Active in Paris.

Painter, draughtsman. Genre scenes, church interiors, interiors with figures, landscapes, architectural views.

Cesbron was the son of Achille Théodore Cesbron. He is particularly known for his Corner for the Poor, Abbey Church of Fécamp, View of a Monastery...

Article

French, 19th – 20th century, male.

Born 2 February 1823, in Paris; died 1907, in Paris.

Painter, watercolourist, designer. Church interiors, landscapes, urban landscapes, architectural views. Stage sets.

Philippe Chaperon was set designer at the Opéra in Paris, producing most of the sets for French subsidised theatres, as well as the main theatres in France and abroad and the Expositions Universelles. He painted watercolours based on nature. He was the father of Eugène and Émile Chaperon, who took over from him....

Article

Belgian, 19th – 20th century, male.

Born 14 October 1865, in Brussels; died 1959.

Painter, decorative designer, sculptor, architect. Religious subjects, figures, portraits, genre scenes, landscapes, seascapes.

Dierickx was a pupil of Jean Portaels and Joseph Stallaert. In 1887 he won the Godecharle Prize, which enabled him to travel in Italy. He regularly participated in the activities of the ...

Article

Italian, 19th – 20th century, male.

Active in Bergamo.

Born 1844, in Bergamo; died 1911, in Rome.

Painter, watercolourist. Figures, architectural views, church interiors, architectural interiors, landscapes, urban landscapes.

Stefano Donadoni worked on interiors of churches and palaces. His major works include Ancient Bergamo, The Goatherd...

Article

American, 19th – 20th century, male.

Born 1840, in Chicago; died 27 January 1912, in Munich.

Painter, draughtsman. Genre scenes, landscapes, architectural views, ruins, church interiors, interiors.

Charles Dyer began his career in the Navy and the diplomatic corps (he was consul in Bristol and then Beirut). He left the diplomatic corps to devote himself to painting under the guidance of L. Jacquesson de la Chavreuse in Paris. In ...

Article

Eiheiji  

Dennis Lishka

Japanese Zen Buddhist monastery of the Sōtō sect, in Fukui Prefecture. Eiheiji’s significance derives largely from the place in the history of Japanese Buddhism of its founder, Dōgen (1199–1253), and to his interpretation of Sōtō Zen monastic practice. After 1217 Dōgen joined the dominant Tendai school of Buddhism, but he grew disillusioned with Japanese Buddhism as a feasible human soteriology, although he was much attracted to the practice of Zen meditation. In 1223 he left for China, then under the rule of the Song dynasty (ad 960–1279), to practise Chinese Chan (Jap. Zen) Buddhism under the master Rujing (1163–1228) at Mt Tiantong. After his return in 1227 he advocated Sōtō Zen but was continuously harassed by Tendai-sect monks until he cleared donated land in 1243 in Echizen (western Japan) for the first Sōtō Zen monastery, Eiheiji (Monastery of Eternal Peace). At Eiheiji, Dōgen faithfully reproduced Chinese Chan Buddhism in two important ways: experientially, with daily meditation integrated into such basic activities as eating, walking, working, begging and washing, whereby enlightenment might be attained by the practitioner and by others; and architecturally, the buildings in the temple compound, each unique in structure and function, being tightly integrated into a working site for daily Zen discipline and arranged to fit into the topography of the forested hillside....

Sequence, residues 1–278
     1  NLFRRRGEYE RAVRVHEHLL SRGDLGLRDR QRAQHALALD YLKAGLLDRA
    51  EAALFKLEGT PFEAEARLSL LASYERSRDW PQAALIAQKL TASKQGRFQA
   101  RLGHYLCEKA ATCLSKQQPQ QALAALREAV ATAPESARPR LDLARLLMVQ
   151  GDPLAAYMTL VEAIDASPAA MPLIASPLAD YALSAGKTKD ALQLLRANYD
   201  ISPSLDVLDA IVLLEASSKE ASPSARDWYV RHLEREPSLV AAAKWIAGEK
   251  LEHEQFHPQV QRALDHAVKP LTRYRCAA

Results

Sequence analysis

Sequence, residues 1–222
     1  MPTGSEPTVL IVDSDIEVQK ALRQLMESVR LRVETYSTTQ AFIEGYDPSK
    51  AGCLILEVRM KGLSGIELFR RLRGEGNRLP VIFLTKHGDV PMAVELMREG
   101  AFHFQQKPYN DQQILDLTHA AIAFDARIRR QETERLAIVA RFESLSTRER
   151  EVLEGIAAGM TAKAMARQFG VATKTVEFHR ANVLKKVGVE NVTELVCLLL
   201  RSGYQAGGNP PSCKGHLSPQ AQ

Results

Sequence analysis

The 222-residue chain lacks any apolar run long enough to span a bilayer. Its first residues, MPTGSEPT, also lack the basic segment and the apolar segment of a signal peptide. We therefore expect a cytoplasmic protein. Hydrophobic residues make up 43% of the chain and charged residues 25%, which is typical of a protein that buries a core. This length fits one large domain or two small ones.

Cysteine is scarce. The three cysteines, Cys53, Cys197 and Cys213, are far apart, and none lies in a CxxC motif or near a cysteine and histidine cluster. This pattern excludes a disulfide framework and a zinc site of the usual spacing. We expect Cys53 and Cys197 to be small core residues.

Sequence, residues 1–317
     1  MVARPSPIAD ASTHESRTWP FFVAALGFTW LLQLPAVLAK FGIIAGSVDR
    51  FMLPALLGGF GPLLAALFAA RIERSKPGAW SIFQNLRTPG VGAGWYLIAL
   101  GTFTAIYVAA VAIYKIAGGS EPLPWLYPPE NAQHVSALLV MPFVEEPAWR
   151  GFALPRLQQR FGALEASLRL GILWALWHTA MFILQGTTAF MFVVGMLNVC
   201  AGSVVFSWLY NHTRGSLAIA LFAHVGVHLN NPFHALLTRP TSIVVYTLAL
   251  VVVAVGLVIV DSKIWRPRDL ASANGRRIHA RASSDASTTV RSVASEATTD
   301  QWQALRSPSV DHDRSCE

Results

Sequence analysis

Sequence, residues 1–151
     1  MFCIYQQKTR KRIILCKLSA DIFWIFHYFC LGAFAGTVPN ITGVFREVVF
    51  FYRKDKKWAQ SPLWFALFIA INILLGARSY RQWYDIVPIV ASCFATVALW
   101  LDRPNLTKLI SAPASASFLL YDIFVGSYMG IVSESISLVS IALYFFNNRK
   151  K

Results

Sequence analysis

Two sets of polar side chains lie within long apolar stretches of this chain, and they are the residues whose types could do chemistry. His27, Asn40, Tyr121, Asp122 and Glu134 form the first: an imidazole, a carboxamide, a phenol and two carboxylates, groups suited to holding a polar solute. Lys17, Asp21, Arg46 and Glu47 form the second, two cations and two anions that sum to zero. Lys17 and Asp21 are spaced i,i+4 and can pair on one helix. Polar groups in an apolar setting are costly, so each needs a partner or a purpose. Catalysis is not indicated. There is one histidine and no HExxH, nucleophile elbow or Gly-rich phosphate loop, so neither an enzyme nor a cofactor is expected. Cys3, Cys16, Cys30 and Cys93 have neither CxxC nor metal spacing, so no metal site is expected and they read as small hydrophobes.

Article

Italian, 19th – 20th century, male.

Born 1861, in Milan; died 1932.

Painter, watercolourist. Church interiors, waterscapes, urban landscapes, architectural views.

Arturo Ferrari's master was the Milanese painter Giuseppe Bertini. His work frequently appeared at exhibitions held at the Accademia di Belle Arti di Brera in Milan. He also exhibited in Paris (where he won a silver medal at the ...

Article

Danish, 19th – 20th century, male.

Born 1848, in Copenhagen; died 1912.

Painter, watercolourist, illustrator. Interiors, landscapes with figures, urban landscapes, architectural views, ruins, interiors, church interiors.

Copenhagen: View of St Mark's in Venice; View of the Villa Borghese in Rome

Copenhagen (Ny Carlsberg Glyptotek): View of the Tomb of A.J. Varstens in Rome...

Article

Cornelia Bauer

(b St Gall, Oct 1, 1858; d Lucerne, Jan 11, 1927).

Swiss architect. After studying architecture for two years (c. 1876–8) at the Hochschule, Stuttgart, under Adolf Gnauth and Christian Friedrich Leins (1814–92), he travelled in Italy and France. From 1879 he worked primarily in St Gall, but he also worked elsewhere in Switzerland. He won a gold medal at the Vatican Exhibition (1887–8), and in 1888 he was made a Knight of St Gregory the Great by Pope Leo XIII. Hardegger was an eclectic architect, using all the traditional historicist styles. His designs were often asymmetrical and irregular in both plan and elevation, as in the church of St Martin (1908–10), Olten; they also incorporated painting and sculpture, for example in the Haus zum Bürgli (before 1890), at St Gall, and they emphasized regional traditions, as at the parish church of Göschenen (1898–9). Following the construction of the parish church at Gossau (...

Article

Danish, 19th – 20th century, male.

Active in Copenhagen.

Born 22 November 1851, in Holstebro; died 1933.

Painter. Interiors with figures, church interiors, landscapes, architectural views.

Received an honourable mention at the Exposition Universelle in Paris in 1889.

Copenhagen (Den Hirschsprungske Samling): Landscape near Næstved

Copenhagen (Statens Mus. for Kunst): ...

Article

S. J. Vernoit

[Kemalettin Bey]

(b Istanbul, 1870; d Ankara, July 1927).

Turkish architect. He studied at the College of Civil Engineering in Istanbul, graduating in 1891, and at the Charlottenburg Technische Hochschule in Berlin (1896–8). After his return to Turkey in 1900, he taught at the College of Civil Engineering in Istanbul and became chief architect of the Ministry of Pious Foundations (1909), entrusted with the restoration of historical monuments and the design of new buildings. This work enabled him to analyse the principles of Ottoman architecture and formulate a revivalist idiom. He built mosques, mausoleums, office blocks, schools, prisons and hospitals; the small mosque (1913) at Bebek, Istanbul, is a fine example of his revivalist style. The Fourth Vakıf Han (1912–26), a large seven-storey office block in Istanbul’s Bahçekapı district, epitomizes Ottoman revivalist architecture, also known as the First National Architectural Style (see Islamic art, §II, 7(i)). Its well-ordered stone façade with rich carvings and coloured tiles hides a sophisticated steel framework. His last building complex in Istanbul, the Harikzedegan apartments (...